A key goal of astronomers is to understand how AGN activity has affected the growth of galaxies.

A striking correlation between the mass of the giant black holes and the mass of the central regions of their host galaxy suggests that the growth of supermassive black holes and their host galaxies are strongly linked. Determining the AGN fraction in the local Universe is crucial for helping to model this parallel growth.

One result from this study is that the fraction of galaxies containing AGN depends on the mass of the galaxy. The most massive galaxies are the most likely to host AGN, whereas galaxies that are only about a tenth as massive as the Milky Way have about a ten times smaller chance of containing an AGN.

Another result is that a gradual decrease in the AGN fraction is seen with cosmic time since the Big Bang, confirming work done by others. This implies that either the fuel supply or the fueling mechanism for the black holes is changing with time.

The study also has important implications for understanding how the neighborhoods of galaxies affects the growth of their black holes, because the AGN fraction for field galaxies was found to be indistinguishable from that for galaxies in dense clusters.

"It seems that really active black holes are rare but not antisocial," said Haggard.

"This has been a surprise to some, but might provide important clues about how the environment affects black hole growth."

It is possible that the AGN fraction has been evolving with cosmic time in both clusters and in the field, but at different rates. If the AGN fraction in clusters started out higher than for field galaxies -- as some results have hinted -- but then decreased more rapidly, at some point the cluster fraction would be about equal to the field fraction. This may explain what is being seen in the local Universe.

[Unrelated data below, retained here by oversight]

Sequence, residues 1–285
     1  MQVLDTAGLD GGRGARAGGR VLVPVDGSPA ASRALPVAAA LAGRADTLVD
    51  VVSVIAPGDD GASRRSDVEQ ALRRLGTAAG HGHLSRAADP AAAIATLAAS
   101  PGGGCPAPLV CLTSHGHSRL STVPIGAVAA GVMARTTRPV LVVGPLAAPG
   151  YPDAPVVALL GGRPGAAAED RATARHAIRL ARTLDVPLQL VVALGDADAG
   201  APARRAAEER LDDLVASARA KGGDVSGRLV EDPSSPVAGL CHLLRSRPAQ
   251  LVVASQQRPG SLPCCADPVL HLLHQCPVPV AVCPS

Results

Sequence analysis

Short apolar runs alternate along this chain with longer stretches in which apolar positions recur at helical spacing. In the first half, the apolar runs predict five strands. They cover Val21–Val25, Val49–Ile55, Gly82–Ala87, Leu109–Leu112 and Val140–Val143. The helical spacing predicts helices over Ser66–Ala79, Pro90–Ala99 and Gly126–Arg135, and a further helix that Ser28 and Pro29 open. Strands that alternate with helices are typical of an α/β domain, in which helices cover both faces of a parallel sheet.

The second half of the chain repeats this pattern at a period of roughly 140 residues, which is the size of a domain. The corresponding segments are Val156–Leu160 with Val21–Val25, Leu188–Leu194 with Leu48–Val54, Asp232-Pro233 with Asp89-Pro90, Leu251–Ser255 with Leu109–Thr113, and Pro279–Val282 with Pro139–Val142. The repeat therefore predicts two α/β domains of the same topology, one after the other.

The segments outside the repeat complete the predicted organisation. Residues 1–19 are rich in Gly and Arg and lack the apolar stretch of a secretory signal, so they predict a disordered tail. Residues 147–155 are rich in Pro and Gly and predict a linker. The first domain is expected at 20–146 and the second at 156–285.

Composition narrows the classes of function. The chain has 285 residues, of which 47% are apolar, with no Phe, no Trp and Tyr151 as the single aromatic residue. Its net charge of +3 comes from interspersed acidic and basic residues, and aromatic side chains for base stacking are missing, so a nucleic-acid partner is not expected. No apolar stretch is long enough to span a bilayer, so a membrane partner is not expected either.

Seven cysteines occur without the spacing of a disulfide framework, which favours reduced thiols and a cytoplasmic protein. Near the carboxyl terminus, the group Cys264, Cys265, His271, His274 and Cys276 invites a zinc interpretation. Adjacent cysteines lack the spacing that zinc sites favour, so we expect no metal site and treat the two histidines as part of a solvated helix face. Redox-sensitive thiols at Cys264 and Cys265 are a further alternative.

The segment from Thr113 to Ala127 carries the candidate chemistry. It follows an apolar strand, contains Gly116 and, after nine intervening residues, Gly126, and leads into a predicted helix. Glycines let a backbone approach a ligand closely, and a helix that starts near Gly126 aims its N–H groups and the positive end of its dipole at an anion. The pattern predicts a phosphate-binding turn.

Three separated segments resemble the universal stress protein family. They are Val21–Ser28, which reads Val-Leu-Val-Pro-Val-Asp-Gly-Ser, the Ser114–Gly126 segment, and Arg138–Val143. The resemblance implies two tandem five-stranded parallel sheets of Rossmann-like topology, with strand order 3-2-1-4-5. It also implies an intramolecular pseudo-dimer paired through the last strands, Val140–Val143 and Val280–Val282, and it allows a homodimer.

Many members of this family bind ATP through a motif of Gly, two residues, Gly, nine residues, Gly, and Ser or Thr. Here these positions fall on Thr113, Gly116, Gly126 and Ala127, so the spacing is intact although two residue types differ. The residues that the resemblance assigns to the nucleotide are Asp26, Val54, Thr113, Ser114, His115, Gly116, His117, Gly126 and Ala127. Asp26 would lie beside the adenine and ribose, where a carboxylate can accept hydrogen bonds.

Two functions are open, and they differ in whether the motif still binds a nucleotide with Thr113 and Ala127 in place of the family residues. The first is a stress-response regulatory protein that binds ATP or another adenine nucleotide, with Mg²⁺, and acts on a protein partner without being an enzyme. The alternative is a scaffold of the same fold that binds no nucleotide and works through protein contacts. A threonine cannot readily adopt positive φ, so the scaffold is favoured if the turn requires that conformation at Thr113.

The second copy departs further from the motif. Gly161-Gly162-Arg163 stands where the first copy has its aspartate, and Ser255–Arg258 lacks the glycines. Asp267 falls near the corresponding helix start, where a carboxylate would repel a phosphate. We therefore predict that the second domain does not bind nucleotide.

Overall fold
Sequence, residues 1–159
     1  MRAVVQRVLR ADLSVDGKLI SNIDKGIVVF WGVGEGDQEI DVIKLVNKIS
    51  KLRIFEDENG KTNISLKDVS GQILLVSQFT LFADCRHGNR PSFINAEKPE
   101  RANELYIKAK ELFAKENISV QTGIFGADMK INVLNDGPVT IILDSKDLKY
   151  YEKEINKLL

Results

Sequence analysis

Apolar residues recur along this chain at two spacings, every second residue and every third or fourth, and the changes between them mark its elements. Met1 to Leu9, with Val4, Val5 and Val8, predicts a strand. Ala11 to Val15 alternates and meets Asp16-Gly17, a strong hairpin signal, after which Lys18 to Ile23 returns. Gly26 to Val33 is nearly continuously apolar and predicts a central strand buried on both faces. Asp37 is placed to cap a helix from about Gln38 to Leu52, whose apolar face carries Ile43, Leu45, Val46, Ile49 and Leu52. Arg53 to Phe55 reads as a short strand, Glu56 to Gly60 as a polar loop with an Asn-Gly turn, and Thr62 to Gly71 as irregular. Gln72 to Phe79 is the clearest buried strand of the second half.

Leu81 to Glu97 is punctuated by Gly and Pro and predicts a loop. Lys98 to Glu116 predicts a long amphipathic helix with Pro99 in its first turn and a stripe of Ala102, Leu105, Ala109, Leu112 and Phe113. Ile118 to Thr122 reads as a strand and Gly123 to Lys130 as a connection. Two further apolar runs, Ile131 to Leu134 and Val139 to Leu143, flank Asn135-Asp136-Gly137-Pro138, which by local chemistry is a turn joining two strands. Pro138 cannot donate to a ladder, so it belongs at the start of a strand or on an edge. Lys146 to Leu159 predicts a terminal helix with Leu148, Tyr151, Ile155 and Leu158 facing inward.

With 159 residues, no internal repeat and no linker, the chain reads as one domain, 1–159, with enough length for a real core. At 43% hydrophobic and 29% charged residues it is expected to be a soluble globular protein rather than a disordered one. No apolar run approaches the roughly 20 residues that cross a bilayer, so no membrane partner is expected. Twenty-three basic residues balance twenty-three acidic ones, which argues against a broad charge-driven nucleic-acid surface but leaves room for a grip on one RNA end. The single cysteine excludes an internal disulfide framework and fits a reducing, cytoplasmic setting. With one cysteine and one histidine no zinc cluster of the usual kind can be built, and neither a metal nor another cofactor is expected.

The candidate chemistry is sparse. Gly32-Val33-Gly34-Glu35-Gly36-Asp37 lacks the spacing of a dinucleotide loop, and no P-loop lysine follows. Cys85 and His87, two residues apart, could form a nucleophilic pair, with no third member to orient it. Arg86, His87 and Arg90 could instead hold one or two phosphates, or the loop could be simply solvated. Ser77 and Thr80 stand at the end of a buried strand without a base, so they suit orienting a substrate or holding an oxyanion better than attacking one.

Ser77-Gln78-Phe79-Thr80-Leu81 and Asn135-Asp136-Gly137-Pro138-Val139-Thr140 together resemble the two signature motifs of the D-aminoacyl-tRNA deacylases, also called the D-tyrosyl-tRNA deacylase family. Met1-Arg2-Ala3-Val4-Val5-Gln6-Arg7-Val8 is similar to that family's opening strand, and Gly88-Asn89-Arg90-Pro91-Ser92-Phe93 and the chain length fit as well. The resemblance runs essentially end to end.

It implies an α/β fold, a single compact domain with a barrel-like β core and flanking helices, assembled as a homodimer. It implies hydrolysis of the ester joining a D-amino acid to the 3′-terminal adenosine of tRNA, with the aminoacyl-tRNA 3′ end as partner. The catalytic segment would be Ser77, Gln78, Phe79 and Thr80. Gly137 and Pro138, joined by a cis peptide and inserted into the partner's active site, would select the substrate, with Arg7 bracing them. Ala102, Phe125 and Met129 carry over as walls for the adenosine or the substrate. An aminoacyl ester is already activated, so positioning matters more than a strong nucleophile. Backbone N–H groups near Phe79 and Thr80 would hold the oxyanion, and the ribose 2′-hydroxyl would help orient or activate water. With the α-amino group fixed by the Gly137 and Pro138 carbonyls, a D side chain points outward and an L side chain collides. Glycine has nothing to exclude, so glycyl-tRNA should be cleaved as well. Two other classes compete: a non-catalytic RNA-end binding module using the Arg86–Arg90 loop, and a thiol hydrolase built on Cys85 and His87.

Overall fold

The Milky Way contains a supermassive black hole known as Sagittarius A (Sgr A, for short). Even though astronomers have witnessed some activity from Sgr A using Chandra and other telescopes over the years, it has been at a very low level.

If the Milky Way follows the trends seen in the ChaMP survey, Sgr A should be about a billion times brighter in X-rays for roughly 1% of the remaining lifetime of the Sun. Such activity is likely to have been much more common in the distant past.

If Sgr A did become an AGN it wouldn't be a threat to life here on Earth, but it would give a spectacular show at X-ray and radio wavelengths. However, any planets that are much closer to the center of the Galaxy, or directly in the line of fire, would receive large and potentially damaging amounts of radiation.

These results were published in the November 10th issue of the Astrophysical Journal. Other co-authors on the paper were Scott Anderson of the University of Washington, Anca Constantin from James Madison University, Tom Aldcroft and Dong-Woo Kim from Harvard-Smithsonian Center for Astrophysics and Wayne Barkhouse from the University of North Dakota.

NASA's Marshall Space Flight Center in Huntsville, Ala., manages the Chandra program for NASA's Science Mission Directorate in Washington. The Smithsonian Astrophysical Observatory controls Chandra's science and flight operations from Cambridge, Mass.